News & Events
You might also like
- Stepping out of our comfort zone - AgriPOWER Class VII Session 1 blog
- Understanding of why we do things the way that we do - AgriPOWER session 1 blog
- Farm Bureau part of successful grain storage bin case
- 12 Receive Ohio Farm Bureau Federation Foundation Scholarships
- Farm Bureau opposes marijuana measure
OFBF sponsors training classes for humane officers
Buckeye Farm News
Ohio Farm Bureau is hosting a series of meetings to help humane officers and others who deal with animal care complaints have a better understanding of farm animal care and production practices.
The first “Animal Agriculture 101” class was held last month at the Ohio Agricultural Research and Development Center in Wooster. Three more will be held in April and May in Findlay, Mt. Vernon and Wilmington.
“We’re holding one meeting in each OFBF region of the state and our hope is that this will continue to be a yearly program,” said Leah Dorman, a veterinarian who is director of food programs for OFBF’s Center for Food and Animal Issues. “The first session went very well, and we had a lot of positive comments.”
Ohio State University Extension is helping sponsor the meetings and helped provide speakers and expertise for the six-hour class, which costs $15 and includes lunch and a resource binder. The classes are geared toward humane officers, dog wardens, animal control officers, local animal shelters/humane societies, sheriff’s officials and county commissioners. The idea for the class came from the county Farm Bureau level – last year Tuscarawas County won AFBF’s County Activities of Excellence Award for its humane officer training program.
Dorman said the purpose of the meetings is to not only provide information about basic animal care and husbandry but to help build a relationship between Ohio Farm Bureau and county humane and law enforcement officers.
“Many of the people responsible for investigating cruelty complaints about farm animals have little to no training in livestock,” Dorman said. “They need to know and understand that just because a cow is thin that it is not necessarily being abused. It could be going through a natural physical change. Animals can be thin due to age, poor teeth, or high milk production levels.”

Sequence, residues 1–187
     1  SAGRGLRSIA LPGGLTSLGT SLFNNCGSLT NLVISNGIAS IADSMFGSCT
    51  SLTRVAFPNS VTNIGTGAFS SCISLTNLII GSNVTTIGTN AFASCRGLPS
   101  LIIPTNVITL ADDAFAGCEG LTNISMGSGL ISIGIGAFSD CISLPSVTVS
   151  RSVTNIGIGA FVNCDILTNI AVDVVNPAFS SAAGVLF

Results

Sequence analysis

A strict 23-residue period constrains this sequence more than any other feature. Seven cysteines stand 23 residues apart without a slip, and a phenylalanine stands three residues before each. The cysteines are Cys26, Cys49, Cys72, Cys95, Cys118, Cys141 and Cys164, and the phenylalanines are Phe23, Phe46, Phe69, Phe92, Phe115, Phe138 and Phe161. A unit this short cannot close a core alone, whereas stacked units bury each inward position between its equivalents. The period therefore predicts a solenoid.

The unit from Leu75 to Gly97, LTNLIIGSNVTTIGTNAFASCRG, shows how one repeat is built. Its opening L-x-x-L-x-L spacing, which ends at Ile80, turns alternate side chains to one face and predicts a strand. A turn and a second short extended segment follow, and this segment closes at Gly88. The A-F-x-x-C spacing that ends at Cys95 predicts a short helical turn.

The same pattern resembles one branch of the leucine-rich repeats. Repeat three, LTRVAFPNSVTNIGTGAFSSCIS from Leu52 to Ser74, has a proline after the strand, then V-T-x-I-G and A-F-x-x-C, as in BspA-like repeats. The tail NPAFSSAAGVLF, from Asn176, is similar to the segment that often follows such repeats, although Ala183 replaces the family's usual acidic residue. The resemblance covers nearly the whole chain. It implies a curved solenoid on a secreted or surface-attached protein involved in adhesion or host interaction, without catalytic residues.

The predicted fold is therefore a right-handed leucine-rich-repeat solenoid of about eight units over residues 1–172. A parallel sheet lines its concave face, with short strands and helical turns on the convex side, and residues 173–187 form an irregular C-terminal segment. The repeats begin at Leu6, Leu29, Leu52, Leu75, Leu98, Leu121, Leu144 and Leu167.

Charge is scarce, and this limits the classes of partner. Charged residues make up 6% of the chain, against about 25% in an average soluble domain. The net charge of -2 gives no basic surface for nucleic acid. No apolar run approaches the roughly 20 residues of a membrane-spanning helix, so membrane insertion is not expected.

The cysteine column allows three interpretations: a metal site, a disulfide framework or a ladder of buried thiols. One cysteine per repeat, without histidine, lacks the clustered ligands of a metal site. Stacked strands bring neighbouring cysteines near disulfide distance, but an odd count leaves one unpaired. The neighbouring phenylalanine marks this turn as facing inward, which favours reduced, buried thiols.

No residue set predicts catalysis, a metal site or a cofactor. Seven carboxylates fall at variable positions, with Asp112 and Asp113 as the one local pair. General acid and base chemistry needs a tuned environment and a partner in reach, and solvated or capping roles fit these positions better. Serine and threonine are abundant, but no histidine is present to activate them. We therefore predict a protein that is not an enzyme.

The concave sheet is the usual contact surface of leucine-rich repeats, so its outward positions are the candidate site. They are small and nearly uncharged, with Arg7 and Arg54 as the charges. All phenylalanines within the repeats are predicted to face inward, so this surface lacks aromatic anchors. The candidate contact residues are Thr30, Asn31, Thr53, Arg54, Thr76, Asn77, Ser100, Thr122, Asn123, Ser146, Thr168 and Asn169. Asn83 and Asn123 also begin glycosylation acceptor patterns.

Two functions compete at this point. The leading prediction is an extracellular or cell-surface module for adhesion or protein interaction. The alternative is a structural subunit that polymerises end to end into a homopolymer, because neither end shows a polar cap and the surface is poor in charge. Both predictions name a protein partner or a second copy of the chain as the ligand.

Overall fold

During the morning session of the class, participants learned about basic body condition, feeding and shelter for animals in the dairy, equine, beef, swine, sheep, goat and poultry industries. In the afternoon, they learned about animal behavior and handling, how to talk to the media about animal care concerns or questions, biosecurity on the farm and the role of the Ohio Department of Agriculture. At the end of class, participants were given a thick binder of information about different animal species and a list of phone numbers for county Farm Bureau organization directors and Extension personnel.
During lunch, Farm Bureau members had the opportunity to talk with humane officers and others to help develop/expand that relationship. Organization Director Michele Specht said some of the class participants were opposed to state Issue 2 last year and were surprised to learn their peers do not like the Humane Society of the United States.
“One woman who is from a local humane society was talking in general during lunch and told humane officers that HSUS is not a friend to the local humane society because HSUS does almost nothing for local humane societies,” Specht said. “One woman who was listening had been against state Issue 2 last year. I was thrilled to see her listening to her peer because she had been totally uninformed about HSUS.”
The class isn’t just a one-day event — participants are invited to visit county farm operations at a later date so they can see the animals in a typical farm setting and hear first-hand from farmers and local ag leaders about how they care for their animals and run their operations.
“It’s important to do the follow up because it strengthens the relationship we are trying to build with county humane officers. It’s important for them to understand why animals are housed the way they are and why they look the way they do,” Specht said.